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Traders who bet against the stock are licking wounds inflicted by Tesla shares rallying 53 percent since the electric-car maker reported a surprise third-quarter profit on Oct. 23. Counting Wednesday’s paper losses of $300 million, short-sellers have lost $2 billion this year, according to data from the financial-analytics firm S3 Partners.
“You’re seeing a lot of the bears going into hibernation mode on Tesla because you can’t fight in terms of what the demand looks like, especially in Europe,” Dan Ives, equity research managing director at Wedbush Securities, told FOX Business’ Stuart Varney.
Whether Tesla is a $500 stock or $250 stock depends on its success in China, which all comes down to its new Gigafactory in Shanghai, Ives believes.
“That’s going to be the next phase of growth -- and that’s why right now, for Tesla, the big focus is China and Europe, and right now, that’s the one-two punch,” Ives said. “You’re going to continue to see that stock move higher.”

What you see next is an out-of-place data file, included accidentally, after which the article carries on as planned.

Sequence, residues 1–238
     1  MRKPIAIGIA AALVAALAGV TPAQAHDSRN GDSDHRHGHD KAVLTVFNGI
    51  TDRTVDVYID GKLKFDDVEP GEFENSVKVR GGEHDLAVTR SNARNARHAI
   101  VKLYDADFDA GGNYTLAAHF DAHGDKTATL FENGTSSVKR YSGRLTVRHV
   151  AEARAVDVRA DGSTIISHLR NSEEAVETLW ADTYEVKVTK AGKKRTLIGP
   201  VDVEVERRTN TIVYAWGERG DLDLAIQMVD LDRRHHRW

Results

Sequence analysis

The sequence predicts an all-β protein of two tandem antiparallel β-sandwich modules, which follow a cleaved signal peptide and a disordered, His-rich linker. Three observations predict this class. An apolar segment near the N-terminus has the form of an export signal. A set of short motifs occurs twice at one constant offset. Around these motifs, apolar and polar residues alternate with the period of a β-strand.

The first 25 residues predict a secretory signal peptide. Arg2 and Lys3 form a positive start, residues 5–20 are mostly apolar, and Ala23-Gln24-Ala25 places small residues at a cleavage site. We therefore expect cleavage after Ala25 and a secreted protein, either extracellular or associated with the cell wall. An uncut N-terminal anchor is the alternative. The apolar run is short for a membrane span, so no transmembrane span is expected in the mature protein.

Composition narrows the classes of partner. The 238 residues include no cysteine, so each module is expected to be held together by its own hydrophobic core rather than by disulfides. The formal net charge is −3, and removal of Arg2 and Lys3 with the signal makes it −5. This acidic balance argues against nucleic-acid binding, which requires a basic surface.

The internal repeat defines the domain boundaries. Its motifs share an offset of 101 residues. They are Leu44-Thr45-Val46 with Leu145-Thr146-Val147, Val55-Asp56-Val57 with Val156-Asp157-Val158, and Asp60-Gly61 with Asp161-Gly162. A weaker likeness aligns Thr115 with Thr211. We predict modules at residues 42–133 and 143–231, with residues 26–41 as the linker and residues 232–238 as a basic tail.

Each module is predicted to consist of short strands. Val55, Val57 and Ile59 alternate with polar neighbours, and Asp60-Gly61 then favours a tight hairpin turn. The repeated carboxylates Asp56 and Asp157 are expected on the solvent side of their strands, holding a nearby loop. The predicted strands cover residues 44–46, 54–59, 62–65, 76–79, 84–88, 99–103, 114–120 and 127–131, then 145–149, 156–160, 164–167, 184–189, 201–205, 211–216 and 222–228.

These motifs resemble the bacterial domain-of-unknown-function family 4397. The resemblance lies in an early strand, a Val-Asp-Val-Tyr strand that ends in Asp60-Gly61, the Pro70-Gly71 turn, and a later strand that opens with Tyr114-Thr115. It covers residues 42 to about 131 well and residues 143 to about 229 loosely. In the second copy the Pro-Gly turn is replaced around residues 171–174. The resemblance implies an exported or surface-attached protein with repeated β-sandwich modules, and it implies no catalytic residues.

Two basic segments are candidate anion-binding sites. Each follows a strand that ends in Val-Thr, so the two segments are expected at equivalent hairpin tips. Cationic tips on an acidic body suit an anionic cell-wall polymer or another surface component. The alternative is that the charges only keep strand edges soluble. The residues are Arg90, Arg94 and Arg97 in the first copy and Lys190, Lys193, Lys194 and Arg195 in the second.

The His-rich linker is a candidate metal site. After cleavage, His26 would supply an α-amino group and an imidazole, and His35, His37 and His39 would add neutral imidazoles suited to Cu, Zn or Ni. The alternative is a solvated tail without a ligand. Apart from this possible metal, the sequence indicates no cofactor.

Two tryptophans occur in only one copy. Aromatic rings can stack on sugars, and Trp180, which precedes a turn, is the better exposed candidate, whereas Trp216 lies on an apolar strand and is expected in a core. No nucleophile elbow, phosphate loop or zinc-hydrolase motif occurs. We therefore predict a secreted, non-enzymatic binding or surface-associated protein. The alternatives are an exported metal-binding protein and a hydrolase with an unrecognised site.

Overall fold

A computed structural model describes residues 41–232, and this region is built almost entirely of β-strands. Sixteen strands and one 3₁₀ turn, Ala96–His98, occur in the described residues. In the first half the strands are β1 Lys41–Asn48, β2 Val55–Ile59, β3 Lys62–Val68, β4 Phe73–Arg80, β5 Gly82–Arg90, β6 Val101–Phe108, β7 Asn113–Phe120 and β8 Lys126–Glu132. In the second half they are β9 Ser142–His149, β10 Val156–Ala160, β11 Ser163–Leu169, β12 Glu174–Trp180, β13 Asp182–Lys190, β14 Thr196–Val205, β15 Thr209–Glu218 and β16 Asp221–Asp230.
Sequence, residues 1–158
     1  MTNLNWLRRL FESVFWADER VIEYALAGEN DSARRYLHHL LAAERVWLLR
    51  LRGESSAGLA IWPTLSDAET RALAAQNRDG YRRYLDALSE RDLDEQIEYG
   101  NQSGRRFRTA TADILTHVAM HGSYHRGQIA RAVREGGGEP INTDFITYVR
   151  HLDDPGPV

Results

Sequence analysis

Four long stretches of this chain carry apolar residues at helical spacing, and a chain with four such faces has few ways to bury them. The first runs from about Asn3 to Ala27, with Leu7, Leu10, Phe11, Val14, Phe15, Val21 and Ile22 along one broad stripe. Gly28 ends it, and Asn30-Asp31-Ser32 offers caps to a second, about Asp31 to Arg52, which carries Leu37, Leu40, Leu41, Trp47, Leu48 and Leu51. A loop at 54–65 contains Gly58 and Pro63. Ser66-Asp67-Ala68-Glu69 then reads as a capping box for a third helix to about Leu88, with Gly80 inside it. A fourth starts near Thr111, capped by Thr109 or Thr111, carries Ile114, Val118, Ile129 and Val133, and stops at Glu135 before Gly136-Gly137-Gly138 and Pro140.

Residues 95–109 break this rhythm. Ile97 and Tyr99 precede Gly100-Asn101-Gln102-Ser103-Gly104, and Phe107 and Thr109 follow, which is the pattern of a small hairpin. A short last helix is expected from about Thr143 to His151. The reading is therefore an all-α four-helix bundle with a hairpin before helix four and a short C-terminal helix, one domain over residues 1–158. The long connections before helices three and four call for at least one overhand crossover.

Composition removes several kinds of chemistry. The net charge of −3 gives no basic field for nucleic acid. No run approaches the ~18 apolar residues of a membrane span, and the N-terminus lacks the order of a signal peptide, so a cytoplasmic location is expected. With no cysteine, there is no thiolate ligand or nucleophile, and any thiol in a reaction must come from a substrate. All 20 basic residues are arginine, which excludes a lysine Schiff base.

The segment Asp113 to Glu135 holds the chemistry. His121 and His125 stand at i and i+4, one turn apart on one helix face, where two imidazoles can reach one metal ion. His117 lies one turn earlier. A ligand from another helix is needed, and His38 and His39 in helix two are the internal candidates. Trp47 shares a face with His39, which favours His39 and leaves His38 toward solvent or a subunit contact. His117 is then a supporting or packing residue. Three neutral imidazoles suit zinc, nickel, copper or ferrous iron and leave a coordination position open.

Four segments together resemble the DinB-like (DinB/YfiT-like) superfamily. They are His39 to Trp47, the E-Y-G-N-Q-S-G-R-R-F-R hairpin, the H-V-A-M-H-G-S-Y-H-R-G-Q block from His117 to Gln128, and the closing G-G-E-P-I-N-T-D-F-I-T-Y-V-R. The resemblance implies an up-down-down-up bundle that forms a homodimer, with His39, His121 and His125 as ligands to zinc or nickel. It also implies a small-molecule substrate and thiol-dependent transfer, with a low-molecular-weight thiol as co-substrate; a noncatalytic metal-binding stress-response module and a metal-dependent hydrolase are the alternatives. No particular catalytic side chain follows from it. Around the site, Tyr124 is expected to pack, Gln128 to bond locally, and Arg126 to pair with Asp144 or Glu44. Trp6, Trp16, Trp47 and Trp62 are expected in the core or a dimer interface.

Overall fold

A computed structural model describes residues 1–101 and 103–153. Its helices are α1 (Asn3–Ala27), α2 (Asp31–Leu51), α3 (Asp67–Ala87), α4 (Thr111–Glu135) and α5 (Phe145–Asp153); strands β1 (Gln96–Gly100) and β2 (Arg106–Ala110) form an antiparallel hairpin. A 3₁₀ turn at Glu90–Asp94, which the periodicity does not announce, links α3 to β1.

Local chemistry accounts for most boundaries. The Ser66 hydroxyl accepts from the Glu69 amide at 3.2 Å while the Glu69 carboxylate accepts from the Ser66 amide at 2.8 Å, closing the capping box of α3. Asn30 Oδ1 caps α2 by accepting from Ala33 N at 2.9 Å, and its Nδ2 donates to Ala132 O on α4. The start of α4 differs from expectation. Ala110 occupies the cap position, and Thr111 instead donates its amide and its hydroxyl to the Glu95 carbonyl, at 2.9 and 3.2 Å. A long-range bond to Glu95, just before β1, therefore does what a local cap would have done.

That would mean more pain for short-sellers, who were short 25.26 million shares, with a notional value of $9.57 billion, or 18.88 percent of shares outstanding, according to S3 data on Tuesday, Dec. 17. Short-sellers make money by borrowing shares they believe will decline in value, selling them at the current price and then buying them back at a lower one to return to the owner.
When prices don't fall, however, they have to buy the shares back at a higher cost.
Tesla shares have climbed about 17 percent this year while the S&P 500 has risen by 27.5 percent.